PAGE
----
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What’s the best way to make 10 cent ramen taste like 20 cent ramen?

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Questa volta abbiamo cercato: What’s the best way to make 10 cent ramen taste like 20 cent ramen?
What’s the best way to make 10 cent ramen taste like 20 cent ramen?

Ed ecco le risposte:

Add another block of 10 cent ramen to the bowl.

Add an egg, hot sauce, green onion, or any combo of those

Throw a dime in the water while its boiling. Stir well

Here are some frugal additions (you don’t need to do all of these, mix and match 1-3 at a time.)


  • add a poached egg to the final ramen
  • add an egg scrambled with a bit of soy sauce into the broth when it’s simmering
  • add a quartered soft-boiled egg
  • make an egg-and-scallion omelette in a separate pan – roll it up, slice super-thin, and add the scallion egg “noodles” to the final ramen bowl


  • add some sliced scallions/green onions (I grow in a pot of soil from seed, so VERY frugal to add)
  • add some bok choi leaves (again, i grow in a pot from seed, very frugal
  • add thinly sliced radish and radish tops (again from my garden)
  • make carrot “ribbons” with a vegetable peeler, add to cook alongside the noodles
  • thinly slice a celery rib, add to cook alongside the noodles
  • fry a small amount of julienne onion in a small amount of sesame oil, then add the water to the pot and make the noodles
  • same as above, but with ginger and garlic
  • same as above, but with ginger and garlic 1-2 mushrooms.
  • add a small handful of spinach leaves to the ramen bowl
  • add a few sliced snow peas to the ramen bowl
  • add some bean sprouts to the ramen bowl


  • soy sauce (watch that your final broth isn’t too salty)
  • red pepper flakes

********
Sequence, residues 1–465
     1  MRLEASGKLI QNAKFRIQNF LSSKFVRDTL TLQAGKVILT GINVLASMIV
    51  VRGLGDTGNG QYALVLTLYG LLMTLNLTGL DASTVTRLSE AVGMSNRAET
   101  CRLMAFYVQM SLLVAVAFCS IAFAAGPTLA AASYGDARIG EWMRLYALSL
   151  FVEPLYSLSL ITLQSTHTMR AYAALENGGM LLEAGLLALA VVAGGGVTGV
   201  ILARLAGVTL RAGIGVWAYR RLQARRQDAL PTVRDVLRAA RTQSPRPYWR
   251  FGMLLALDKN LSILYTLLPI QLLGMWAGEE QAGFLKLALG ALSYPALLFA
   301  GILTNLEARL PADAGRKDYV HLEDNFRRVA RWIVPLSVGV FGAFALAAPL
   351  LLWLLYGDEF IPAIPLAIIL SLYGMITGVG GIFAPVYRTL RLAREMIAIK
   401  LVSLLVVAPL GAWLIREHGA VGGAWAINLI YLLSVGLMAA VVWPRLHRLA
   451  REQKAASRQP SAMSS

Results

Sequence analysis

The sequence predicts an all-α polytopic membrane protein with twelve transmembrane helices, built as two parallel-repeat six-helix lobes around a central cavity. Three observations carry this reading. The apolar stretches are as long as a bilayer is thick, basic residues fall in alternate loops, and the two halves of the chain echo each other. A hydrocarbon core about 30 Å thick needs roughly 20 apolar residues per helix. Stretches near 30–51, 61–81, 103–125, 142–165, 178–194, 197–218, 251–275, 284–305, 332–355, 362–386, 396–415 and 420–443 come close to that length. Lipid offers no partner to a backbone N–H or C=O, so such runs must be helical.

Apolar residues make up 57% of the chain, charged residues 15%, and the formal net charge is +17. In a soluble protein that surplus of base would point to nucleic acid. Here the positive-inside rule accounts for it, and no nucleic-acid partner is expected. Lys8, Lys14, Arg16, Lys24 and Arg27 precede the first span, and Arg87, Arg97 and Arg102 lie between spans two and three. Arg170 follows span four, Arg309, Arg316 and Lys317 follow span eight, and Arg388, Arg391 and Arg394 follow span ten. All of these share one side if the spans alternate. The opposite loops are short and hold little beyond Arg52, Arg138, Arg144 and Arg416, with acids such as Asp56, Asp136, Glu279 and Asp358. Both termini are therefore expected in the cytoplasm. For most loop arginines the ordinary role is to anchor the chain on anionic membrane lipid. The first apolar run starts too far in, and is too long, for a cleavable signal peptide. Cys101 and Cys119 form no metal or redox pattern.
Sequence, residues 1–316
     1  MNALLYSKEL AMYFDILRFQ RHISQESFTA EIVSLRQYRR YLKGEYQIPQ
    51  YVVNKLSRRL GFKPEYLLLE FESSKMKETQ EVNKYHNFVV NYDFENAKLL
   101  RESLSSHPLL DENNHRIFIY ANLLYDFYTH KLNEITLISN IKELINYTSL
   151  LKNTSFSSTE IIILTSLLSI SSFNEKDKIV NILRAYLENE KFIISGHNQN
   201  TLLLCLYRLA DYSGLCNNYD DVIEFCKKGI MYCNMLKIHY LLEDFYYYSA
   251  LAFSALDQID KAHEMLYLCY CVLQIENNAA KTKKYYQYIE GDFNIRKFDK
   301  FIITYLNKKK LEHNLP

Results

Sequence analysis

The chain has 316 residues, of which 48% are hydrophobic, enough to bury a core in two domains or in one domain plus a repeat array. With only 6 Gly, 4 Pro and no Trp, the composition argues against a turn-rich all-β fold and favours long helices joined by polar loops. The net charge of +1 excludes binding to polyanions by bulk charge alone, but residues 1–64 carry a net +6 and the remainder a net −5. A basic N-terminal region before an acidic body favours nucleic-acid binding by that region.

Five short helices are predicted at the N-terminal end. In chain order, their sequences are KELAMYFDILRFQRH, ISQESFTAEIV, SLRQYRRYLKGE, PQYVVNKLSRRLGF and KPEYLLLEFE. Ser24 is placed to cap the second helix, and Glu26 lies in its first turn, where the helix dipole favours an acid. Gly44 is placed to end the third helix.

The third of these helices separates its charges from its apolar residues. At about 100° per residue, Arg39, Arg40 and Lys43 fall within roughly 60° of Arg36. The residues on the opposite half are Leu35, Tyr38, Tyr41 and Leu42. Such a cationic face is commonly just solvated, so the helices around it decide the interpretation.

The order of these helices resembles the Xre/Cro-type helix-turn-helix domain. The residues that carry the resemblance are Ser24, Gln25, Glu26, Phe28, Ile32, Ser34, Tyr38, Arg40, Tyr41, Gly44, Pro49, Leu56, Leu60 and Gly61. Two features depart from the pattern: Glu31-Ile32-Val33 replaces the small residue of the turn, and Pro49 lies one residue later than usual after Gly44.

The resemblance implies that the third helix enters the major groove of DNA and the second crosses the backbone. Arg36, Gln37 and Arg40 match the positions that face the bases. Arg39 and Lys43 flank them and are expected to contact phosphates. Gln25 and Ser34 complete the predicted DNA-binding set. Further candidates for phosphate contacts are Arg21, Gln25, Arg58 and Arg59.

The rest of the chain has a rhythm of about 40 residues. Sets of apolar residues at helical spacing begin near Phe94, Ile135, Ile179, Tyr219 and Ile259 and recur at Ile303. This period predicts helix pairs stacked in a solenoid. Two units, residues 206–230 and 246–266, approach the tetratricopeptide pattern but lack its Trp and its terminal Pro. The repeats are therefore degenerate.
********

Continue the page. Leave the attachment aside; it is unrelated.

• sesame oil
  • chinese 5-spice powder
  • sri racha or sambal olek
  • peanut butter
  • part of a can of coconut milk (I like to reserve some when i make thai or indian food, then use the reserved part in a ramen later)
  • splash of citrus (lemon, lime, orange – segments or juice)
  • small amount of brown sugar, palm sugar, or any other sweetener (especially nice with spice, coconut, or peanut flavors)
  • oyster sauce (salty)
  • hoisin sauce (salty sweet)
  • mirin
  • homemade stock instead of water (i don’t add much salt to my stock so it’s not overly salty, but again – watch it doesn’t get too salty)


  • see eggs, above
  • tofu (I like silken in soups, but you can use any)
  • tofu skin (it has a different texture and is tougher/holds up almost like fried egg)
  • soy beans (shelled edamame)
  • literally any leftover meat (chicken, beef, pork, deli meat, hot dogs, bacon, etc. one of my favorites is leftover puerto rican pork shoulder (pernil) sliced very thin, plus a piece crispy pork skin (chicharrón) on top.)

If you cook a lot at home, you likely have access to many of these right now. If not, you probably still have a few. a person who NEVER cooks might still have red pepper flakes (leftover packet from pizza takeout), an egg, and soy sauce (again, you might have a packet available).

E: thanks for the appreciation, guys!

Mix some soy sauce and peanut butter in another bowl. Add a garlic clove, vegetable bullion, and other spices to the water. Top with sesame seeds.